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In-Situ Burning in the Marshland Environment - Recovery and Regrowth of Spartina Alterniflora, Spartina Patens, and Sagittaria Lancifolia Plants

Published

Author(s)

I A. Mendelson, Q N. Lin, Nelson P. Bryner, William D. Walton, W H. Twilley, J V. Mullin

Abstract

In a series of in-situ burns involving 330 plant mesocosms, including Spartina Alterniflora, Spartina Patens, Distichlis spicata, and Sagittaria Lancifolia sods were exposed to burning diesel fuel or crude oil. Oil spilled in sensitive wetlands pose unique problems associated with cleanup because mechanical recovery in a marsh may result in more damage to the wetland than the oil itself. In-situ burning of oiled wetlands may provide a less damaging alternative than traditional mechanical recovery. After exposure to burning fuel for either 400 s, 700 s or 1400s, the plants were returned to a greenhouse where the recovery and regrowth of the plants were monitored.One-third of the plants were instrumented with thermocouples to monitor the soil temperatures at different depths. Before each burn, the soil lines of the plant mesocosms were positioned at different elevations: +10 cm, +2 cm, 0 cm, -2 cm, and -10 cm relative to the water level. The water depth over the soil surface during in-situ burning was a key factor controlling marsh plant recovery. Ten and 2 centimeters of water overlying the soil surface were sufficient to protect marsh vegetation of all 3 types of marshes from burning impacts. Soil surface temperatures did not exceed 50 C and 70 C for 10 and 2 centimeters of water overlying the soil surface, respectively. Plant survival rate was 100 %, and growth responses after the burn with 10 and 2 cm of water over the soil surface was not significantly different from the unburned control. In contrast, a water table 2 cm below the soil surface (2 cm of soil exposure to the fire) during the burn resulted in high soil temperatures, with 70 C to 103 C at 0 to 0.5 cm below the soil surface. The effect of thermal stress on plant survival differed with species at 2 cm of water over the soil surface. Two cm of soil exposure impeded the post-burn recovery of the salt marsh grass, S. alterniflora, and fresh marsh species, S. lancifolia. However, 2 cm of soil exposure during in-situ burning did not detrimentally affect the post-burn recovery of the brackish marsh grasses, S. patens and D. spicata.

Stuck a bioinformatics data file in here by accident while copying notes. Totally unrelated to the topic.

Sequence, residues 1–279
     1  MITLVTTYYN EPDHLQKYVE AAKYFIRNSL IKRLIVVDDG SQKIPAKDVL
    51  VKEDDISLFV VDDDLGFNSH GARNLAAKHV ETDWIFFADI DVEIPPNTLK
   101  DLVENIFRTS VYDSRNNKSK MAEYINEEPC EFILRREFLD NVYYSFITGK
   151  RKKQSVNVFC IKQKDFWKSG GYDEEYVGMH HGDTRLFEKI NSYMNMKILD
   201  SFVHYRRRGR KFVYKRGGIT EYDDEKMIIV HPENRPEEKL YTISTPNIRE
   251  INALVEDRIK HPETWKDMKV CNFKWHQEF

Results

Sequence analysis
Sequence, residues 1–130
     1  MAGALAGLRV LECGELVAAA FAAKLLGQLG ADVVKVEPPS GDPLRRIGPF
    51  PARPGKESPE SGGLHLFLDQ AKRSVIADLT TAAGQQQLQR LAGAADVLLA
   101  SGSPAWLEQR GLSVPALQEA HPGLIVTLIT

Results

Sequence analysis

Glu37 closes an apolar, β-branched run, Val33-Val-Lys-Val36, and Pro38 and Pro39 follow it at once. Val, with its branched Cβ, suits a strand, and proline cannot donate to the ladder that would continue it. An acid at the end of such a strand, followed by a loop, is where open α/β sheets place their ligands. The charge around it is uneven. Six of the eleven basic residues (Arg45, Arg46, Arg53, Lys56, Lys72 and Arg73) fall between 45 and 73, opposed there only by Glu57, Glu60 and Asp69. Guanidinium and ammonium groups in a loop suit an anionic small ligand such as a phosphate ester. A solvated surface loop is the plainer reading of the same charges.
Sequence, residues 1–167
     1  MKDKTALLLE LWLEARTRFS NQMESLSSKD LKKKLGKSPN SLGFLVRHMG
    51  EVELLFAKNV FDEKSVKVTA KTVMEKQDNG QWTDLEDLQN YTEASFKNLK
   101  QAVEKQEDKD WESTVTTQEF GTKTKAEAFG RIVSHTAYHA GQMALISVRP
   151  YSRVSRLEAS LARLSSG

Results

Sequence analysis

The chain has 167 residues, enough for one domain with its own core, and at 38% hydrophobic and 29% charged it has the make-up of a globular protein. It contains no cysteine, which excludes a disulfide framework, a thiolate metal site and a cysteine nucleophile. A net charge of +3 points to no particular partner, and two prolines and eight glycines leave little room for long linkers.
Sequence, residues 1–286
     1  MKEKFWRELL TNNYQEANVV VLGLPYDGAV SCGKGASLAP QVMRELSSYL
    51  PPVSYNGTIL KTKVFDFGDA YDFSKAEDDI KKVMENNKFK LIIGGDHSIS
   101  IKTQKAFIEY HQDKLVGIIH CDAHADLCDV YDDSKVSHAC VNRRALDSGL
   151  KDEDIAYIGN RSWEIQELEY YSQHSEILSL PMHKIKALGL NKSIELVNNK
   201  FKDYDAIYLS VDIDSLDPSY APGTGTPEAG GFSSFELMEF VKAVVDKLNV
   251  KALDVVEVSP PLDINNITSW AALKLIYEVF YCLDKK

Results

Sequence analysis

Citation
Arctic and Marine Oil Spill Program (AMOP) Technical Seminar

Keywords

crude oil, diesel fuel, in situ burning, marsh fires, oil fires, oil spill, plant recovery, plant regrowth, soil temperature

Citation

Mendelson, I. , Lin, Q. , Bryner, N. , Walton, W. , Twilley, W. and Mullin, J. (2003), In-Situ Burning in the Marshland Environment - Recovery and Regrowth of Spartina Alterniflora, Spartina Patens, and Sagittaria Lancifolia Plants, Arctic and Marine Oil Spill Program (AMOP) Technical Seminar, [online], https://tsapps.nist.gov/publication/get_pdf.cfm?pub_id=861479 (Accessed April 23, 2024)
Created February 28, 2003, Updated October 12, 2021